Blessed are those who hunger and thirst for righteousness, for they shall be satisfied
January 24th, 2021

Righteousness

(Proverbs 4:18) The phrase “the path of the righteous” is the chosen steps that God has determined that we are to walk in, the way to God through Jesus laid out for each Citizen of Heaven individually, and yet we also get to walk our paths in parallel, beside other believers during parts of the path. 

Righteousness is a path, which means that it’s not so much for standing still on.  A path leads somewhere, which means that we’re meant to be moving along it.

Righteousness in the Bible has at least three aspects:  legal, moral and social.  Legal righteousness is justification, a right relationship with God that is only possible by faith in Christ as Lord and Savior. 

Moral righteousness is that righteousness of character and conduct that pleases God.  Right-living.  Life as a Citizen of Heaven depends on an inner righteousness not achievable by human effort.  It’s not about outer works, but the inner attitude of the heart, which will tend to overflow into outward acts of righteousness.  Jesus is teaching us what true righteousness looks like.  It’s obeying God and loving Him because He first loved us.  It’s trusting Him to lead, knowing that He knows what’s best for us.  And it’s this righteousness that we are to hunger and thirst after.

Social righteousness has to do with righteousness in dealings with others.  The Old Testament is full of examples demonstrating that God is concerned with social righteousness.  “Learn to do good; seek justice, correct oppression; bring justice to the fatherless, plead the widow’s cause” (Isaiah 1:17).  God is concerned about Justice, about liberating the oppressed, about integrity in our dealings with others, and conducting ourselves honorably in everything that we do. 

Hunger

If you’ve ever been really hungry or thirsty then you know how they are gnawing, immediate needs where it’s hard to think about anything else.  This is the kind of desire for the righteousness found in Jesus that we’re supposed to have.  It is an immediate need for righteousness and an awareness that we lack it in ourselves at the same time—which creates a hunger.  We aren’t hungry and thirsty for something we already have in and of ourselves.  In Romans 3:20 it says “Therefore no one will be declared righteous in God’s sight by the works of the law; rather, through the law we become conscious of our sin.”  It can only be satisfied by Jesus’ righteousness, His perfect righteousness.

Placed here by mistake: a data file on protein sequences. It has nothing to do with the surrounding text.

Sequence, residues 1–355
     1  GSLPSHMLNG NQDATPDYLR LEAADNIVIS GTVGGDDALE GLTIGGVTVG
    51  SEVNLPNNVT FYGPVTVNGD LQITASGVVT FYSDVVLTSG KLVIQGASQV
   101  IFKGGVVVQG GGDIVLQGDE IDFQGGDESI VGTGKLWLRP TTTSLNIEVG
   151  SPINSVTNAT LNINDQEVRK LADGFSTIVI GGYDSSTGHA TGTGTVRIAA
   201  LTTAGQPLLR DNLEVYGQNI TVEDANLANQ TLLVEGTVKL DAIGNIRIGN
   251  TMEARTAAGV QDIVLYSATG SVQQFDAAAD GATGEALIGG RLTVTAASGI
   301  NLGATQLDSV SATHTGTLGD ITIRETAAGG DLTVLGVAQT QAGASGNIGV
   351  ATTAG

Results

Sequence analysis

Hindrances to this hunger and thirst include pride (lack of meekness), no desire to depart from sin (no mourning) and self satisfaction (not poor in spirit). We must continually let God keep us humble, continually mourn over sin, and refuse to accept anything but the true food to satisfy us.  As Jesus said in John 6:54-55 54 The one who eats My flesh and drinks My blood has eternal life, and I will raise him up on the last day. 55 For My flesh is true food, and My blood is true drink.  We must keep our hunger for Jesus, and not become complacent

Thirst

We, as the church, have been provided living water to quench our spiritual thirst, but so often we either take it for granted or refuse what the Lord provides for us.  Self-made attempts and schemes designed to find spiritual fulfillment apart from the Lord will inevitably result in failure–they are doomed from the start.

In John 4:13-14, Jesus makes this point when He is talking to the Samaritan woman at the well, saying of the well water 13 Jesus answered and said to her, “Everyone who drinks of this water will thirst again; 14 but whoever drinks of the water that I will give him shall never thirst; but the water that I will give him will become in him a well of water springing up to eternal life.” 

One of the reasons that Jesus had so many hard words for the Pharisees is that their self-righteousness was blocking their way to true righteousness.  By setting up all these rules that they could keep, they were guilty of the same self-satisfaction of their thirst that their ancestors were in the time of Jerimiah.  And this self-satisfaction dulled their thirst for true righteousness.  It is not enough to have experiences some momentary satisfaction in the past, we must continue to hunger for future righteousness.

For they will be filled          

This word for filled (chortazo) means to be filled, completely satisfied.  This spiritual hunger and thirst creates a longing for the day that it will be completely satisfied. And this is something that we only know in a limited way during our life on Earth.  We get glimpses of it, we have moments of it, but we do not experience complete satisfaction of our hunger here, and we don’t have our thirst completely quenched here.  It is not until we get to heaven that we will ‘hunger no more and not thirst any more’ because we will continually be in the presence of Jesus.  David expresses it like this: As for me, I shall behold your face in righteousness; when I awake, I shall be satisfied with your likeness. (Psalms 17:15) One day, this hunger and thirst will be satisfied, and we will be in His presence, in brand new ‘forever’ bodies, just like His.  Or as it says in 1 John 3:2 Beloved, we are God’s children now, and what we will be has not yet appeared; but we know that when he appears we shall be like him, because we shall see him as he is.